Jersey has not officially announced plans to do so, but legal and trust experts familiar with the matter say it has been under development for more than six months in the Channel Island jurisdiction.
For this reason, they say, the plans are not directly related to two "conjoined" landmark Supreme Court judgments last week in the UK that formally ended the use of Hastings-Bass in most instances in which, until now, it has been used.
Those two cases, Pitt v Holt and Futter v Futter, had challenged the use of the rule in Hastings-Bass to un-do trust decisions that resulted in tax consequences for the respective clients. The cases ended up in the UK Supreme Court after a Court of Appeal decision in April 2011 that overturned the 35-year-old Hastings-Bass ruling, and found in favour of HM Revenue & Customs, which had brought the appeal.
In its report at that time, International Adviser noted that Hastings-Bass effectively had, until that point, given trustees ‘a legal “morning after pill’”.
“The Court of Appeal ruled that if trustees took poor choices based on legal or other professional advice, they cannot turn the clock back,” the IA report noted.
News that Jersey might enshrine Hastings-Bass in law came yesterday at a conference for private client specialists in London, sponsored by Jersey Finance, which represents the island’s financial services industry.
In a presentation on Hastings-Bass, Matthew Slater, a commercial chancery barrister and Treasury counsel at 3 Stone Buildings in London and an expert on trusts, detailed its practical advantages for trustees and their clients.
If Jersey does put Hastings-Bass into statute in Jersey – where it has already been in use for more than a decade – it would be the only jurisdiction globally, at least for now, to have such a law on the books, he added.
Slater began his talk by observing that “at sometime everyone in this room will have made a mistake”, and went on to note that when trustees slipped up, then – unlike ordinary people – it is their clients, rather than they themselves, who end up paying the price.
“It is because of this material distinction…that one can sensibly argue that trustees who are looking after other peoples’ affairs should be treated somewhat differently,” he added.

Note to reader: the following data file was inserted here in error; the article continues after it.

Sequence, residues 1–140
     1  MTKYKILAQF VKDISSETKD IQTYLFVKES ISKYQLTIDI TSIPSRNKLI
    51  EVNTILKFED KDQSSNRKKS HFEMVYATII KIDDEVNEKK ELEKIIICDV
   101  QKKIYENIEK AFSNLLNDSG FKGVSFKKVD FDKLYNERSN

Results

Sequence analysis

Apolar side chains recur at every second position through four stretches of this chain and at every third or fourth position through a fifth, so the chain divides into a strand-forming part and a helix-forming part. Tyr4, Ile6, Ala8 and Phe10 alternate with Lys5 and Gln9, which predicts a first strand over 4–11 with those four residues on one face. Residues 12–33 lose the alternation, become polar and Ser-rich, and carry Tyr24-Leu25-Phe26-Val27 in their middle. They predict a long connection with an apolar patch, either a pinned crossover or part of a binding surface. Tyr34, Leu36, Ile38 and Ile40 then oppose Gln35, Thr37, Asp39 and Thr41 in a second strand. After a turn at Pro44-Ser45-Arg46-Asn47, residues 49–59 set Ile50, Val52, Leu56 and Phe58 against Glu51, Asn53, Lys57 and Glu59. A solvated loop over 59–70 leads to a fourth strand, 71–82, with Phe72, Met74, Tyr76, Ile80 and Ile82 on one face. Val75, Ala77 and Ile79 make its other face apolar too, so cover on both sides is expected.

Slater stressed that the Hastings-Bass rule matters to the trusts industry not so much because of mistakes that trustees may have made, but because of problems which typically resulted from their failure to consider something that they ought to have considered. These, he said, often involve either a failure to consider tax implications, or taking into account the possible tax implications, but relying on tax advice which later turns out to have been wrong.
Among the advantages to Jersey, and its trusts industry, in keeping a Hasting-Bass-type law to hand is that it is typically a cheaper and more efficient way to resolve disputes that arise as a result of a trustee’s error than the alternative, which normally involves lengthy negligence proceedings, Slater noted.
For this reason, "if passed into law, [Hastings-Bass] will be another reason why Jersey should be regarded as offering distinct advantages over other jurisdictions – advantages which include greater protection for the beneficiaries against their trustees’ failings and reduced litigation costs," he added.
"We can be confident that a mistake/Hastings Bass claim will be rather cheaper, and easier to predict [the outcome of], than a hard-fought negligence claim against professional advisers. Plus, Jersey trustees’ insurance premia will surely remain lower than those in other non-Hasting-Bass jurisdictions."
Pitt and Futter cases
In its report last week on the Supreme Court’s ruling in Hastings-Bass, the STEP Journal noted that the Court of Appeal’s ruling in favour of HMRC in 2011 and against Hastings-Bass "went against a considerable amount of case law, which Lloyd LJ [the appellate court judge who gave the main judgment] considered was incorrect.
"Actions taken by trustees acting on apparently competent advice were not in breach of trust and so their actions were not voidable, he said in March 2011."
To read an official summary of last week’s Supreme Court ruling, click here.
To read an explanation of ten reasons advisers may wish to consider using a trust for their clients, click here.
To read about Swiss president Eveline Widmer-Schlumpf’s recent comments on "Anglo-Saxon" trusts, click here.